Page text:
Academic journal article German Quarterly

Marie von Ebner-Eschenbach. The Victory of a Tenacious Will

Academic journal article German Quarterly

Marie von Ebner-Eschenbach. The Victory of a Tenacious Will

Article excerpt

Klostermaier, Doris M. Marie von EbnerEschenbach. The Victory of a Tenacious Will. Studies in Austrian Literature, Culture and Thought. Riverside: Ariadne, 1997 xvi + 348 pp. $39.95 hardcover.

Strange as it might seem in the case of Austria's best known "classical" woman writer, this is the first full-length modern biography of Marie von Ebner-Eschenbach. On first encounter with the title, the reader might wonder if we are going to be treated to yet another, albeit more up-to-date, version of the stereotype that has dogged the literary reputation of EbnerEschenbach since Anton Bettelheim wrote his encomia of her life and work over a quarter of a century ago. Is this biography also going to focus on its subject's "moral" character in order to enhance Ebner's status as a writer? Certainly Ebner herself believed, in a thoroughly oldfashioned manner, in the inter-dependence of character and aesthetic achievement. From the outset, Klostermaier distances herself from such myths. It is clear from reading the opening pages of this neat, well-presented yet solid volume, that its author has a firm grasp of her biographical subject. She is evidently very familiar with Ebner's substantial oeuvre-the reader would of course expect no less-and she usefully plots links between, on the one hand, the writer's life, experiences and (sharp) observations of her environment over the whole of her life and, on the other, the character types and motifs from an unusually wide selection of Ebner's prose, dramatic and lyric works. She has made good use of the critical edition of Ebner's diaries, or, rather, of such as had appeared by the time of her going to press, and, by comparing the different versions, supplemented by her own work in the appropriate archives in Vienna and Prague, she familiarizes the reader with Ebner's practice and strategy of projecting a particular view of her own life and that of her family for posterity. For there is no doubt, despite her genuine modesty, that when Ebner wrote about herself, posterity was rarely far from her mind.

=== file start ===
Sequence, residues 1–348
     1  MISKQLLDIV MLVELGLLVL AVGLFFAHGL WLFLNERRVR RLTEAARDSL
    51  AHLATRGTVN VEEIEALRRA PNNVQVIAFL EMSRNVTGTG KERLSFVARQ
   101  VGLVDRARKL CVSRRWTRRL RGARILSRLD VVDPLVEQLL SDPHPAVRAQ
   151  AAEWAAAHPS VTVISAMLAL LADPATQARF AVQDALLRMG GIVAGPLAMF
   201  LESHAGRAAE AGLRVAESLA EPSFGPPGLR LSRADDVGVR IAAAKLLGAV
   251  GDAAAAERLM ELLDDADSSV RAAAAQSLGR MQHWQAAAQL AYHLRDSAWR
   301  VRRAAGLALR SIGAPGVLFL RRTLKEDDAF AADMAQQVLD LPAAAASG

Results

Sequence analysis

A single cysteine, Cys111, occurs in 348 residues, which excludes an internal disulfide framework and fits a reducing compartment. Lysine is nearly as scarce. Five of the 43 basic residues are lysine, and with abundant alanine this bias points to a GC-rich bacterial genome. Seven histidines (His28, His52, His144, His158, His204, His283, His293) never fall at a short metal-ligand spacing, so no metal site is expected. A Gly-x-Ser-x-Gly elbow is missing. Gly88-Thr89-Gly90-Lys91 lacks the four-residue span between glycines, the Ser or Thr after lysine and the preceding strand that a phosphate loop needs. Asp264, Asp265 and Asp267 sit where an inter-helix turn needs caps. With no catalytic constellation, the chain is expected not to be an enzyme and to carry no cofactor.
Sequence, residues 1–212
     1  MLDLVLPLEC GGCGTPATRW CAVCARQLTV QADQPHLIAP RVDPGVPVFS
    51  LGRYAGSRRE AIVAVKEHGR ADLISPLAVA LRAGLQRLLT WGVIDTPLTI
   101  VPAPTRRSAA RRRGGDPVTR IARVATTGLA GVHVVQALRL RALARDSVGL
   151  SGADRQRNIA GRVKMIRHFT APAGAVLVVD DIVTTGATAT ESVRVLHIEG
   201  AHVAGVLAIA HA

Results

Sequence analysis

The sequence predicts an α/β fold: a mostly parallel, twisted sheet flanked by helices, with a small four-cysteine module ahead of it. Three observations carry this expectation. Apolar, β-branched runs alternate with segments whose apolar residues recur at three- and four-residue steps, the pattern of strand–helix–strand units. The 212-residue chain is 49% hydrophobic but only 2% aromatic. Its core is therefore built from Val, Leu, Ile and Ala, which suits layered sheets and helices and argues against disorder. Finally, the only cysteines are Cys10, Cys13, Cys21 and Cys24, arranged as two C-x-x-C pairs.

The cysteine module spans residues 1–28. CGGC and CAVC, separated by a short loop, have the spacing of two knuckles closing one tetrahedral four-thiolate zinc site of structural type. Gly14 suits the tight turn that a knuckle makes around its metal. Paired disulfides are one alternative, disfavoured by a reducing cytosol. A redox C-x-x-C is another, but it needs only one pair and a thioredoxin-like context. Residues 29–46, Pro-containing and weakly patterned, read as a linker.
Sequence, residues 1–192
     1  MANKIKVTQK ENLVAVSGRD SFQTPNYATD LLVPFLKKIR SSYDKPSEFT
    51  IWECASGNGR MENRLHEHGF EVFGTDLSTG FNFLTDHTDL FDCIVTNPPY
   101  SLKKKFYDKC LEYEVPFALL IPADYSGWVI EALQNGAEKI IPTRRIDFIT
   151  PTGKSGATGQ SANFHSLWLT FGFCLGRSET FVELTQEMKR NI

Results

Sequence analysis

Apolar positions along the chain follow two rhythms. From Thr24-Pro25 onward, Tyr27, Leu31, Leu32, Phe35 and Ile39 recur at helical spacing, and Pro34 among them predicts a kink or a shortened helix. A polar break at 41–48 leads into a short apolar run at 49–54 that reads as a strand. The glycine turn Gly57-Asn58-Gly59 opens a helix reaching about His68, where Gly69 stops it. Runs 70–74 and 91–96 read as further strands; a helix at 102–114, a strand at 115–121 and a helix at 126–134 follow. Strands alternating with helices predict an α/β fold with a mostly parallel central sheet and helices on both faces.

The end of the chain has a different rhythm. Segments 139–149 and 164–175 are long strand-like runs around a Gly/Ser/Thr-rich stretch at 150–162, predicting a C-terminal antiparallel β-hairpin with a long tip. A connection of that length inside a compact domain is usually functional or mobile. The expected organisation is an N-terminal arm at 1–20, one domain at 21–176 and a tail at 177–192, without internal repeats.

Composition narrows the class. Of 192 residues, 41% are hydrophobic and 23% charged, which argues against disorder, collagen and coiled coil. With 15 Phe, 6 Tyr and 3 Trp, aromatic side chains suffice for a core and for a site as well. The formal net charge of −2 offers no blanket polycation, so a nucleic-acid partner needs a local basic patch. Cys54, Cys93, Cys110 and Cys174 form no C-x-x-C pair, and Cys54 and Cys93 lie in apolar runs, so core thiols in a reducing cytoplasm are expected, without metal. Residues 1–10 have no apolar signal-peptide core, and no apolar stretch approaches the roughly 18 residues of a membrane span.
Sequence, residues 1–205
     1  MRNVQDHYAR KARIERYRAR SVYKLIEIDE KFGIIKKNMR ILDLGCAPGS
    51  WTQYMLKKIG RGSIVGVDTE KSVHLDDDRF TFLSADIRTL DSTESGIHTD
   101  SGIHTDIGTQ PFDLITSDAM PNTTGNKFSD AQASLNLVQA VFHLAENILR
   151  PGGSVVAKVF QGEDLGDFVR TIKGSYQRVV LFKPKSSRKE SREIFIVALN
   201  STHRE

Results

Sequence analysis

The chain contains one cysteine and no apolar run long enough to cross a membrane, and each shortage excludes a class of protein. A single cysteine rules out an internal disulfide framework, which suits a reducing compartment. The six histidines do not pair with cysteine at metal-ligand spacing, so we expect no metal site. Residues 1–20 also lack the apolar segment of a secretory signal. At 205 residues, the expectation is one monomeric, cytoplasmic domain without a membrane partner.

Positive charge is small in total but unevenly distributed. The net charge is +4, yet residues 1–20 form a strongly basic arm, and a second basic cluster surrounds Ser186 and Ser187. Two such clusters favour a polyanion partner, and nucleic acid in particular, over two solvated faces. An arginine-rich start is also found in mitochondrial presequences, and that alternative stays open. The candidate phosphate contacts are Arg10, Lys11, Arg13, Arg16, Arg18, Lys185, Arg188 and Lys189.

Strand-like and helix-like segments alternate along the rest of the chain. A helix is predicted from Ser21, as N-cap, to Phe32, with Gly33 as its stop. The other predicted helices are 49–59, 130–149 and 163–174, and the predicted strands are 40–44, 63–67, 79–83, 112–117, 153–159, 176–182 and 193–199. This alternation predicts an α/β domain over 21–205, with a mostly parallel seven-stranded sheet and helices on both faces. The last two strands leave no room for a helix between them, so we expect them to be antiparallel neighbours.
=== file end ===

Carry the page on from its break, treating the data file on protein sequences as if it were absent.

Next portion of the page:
The biography is clearly structured around six chronological sections, each of three or four chapters; reference, however, is also made within each section to works by the poet written at different periods of her life. In this way Klostermaier underpins her view that Marie Ebner-Eschenbach "deserves a biography that focuses as much as possible on her inner life"(xl). The six sections deal with the writer's childhood and early life, which include her first attempts at writing, and her courtship and marriage; the dramatic works; the prose works; her breakthrough as a major writer; her relationship with her public; and old age. Each section is followed by informative footnotes, many of them containing imaginative insights into her subject's mind and work. Although the events and personalities of Ebner's childhood and youth cover familiar ground, the author is convincing in allotting over one fifth of the volume to this period. She is persuasive in her deconstruction of the character of Franz Dubsky, particularly with reference to his second daughter Marie herself and to his fourth wife, Xaverine. Traditionally, Marie's second stepmother, the highborn Xaverine Kolowrat-Krakowsky, has been seen as a match for the choleric Franz. The present work shows just how turbulent the marriage was, how destructive the incessant quarrels between husband and wife could be for the rest of the family, and, despite oases of respite, what a miserable life Xaverine left at her death aged fifty-seven in Marie's fortieth year. The author does not comment explicitly on the nature and developmental pattern of marriages of such disparity in age-Franz was twentyfour years older than his last wife; Moritz Ebner, Marie's husband, was almost twice her age when they married; his own father, following the death of his son in the Napoleonic wars, had married his son's fiancee, Helene Dubsky, whose obsessive maternal devotion to her only son would place such a burden on Marie's own marriage. …

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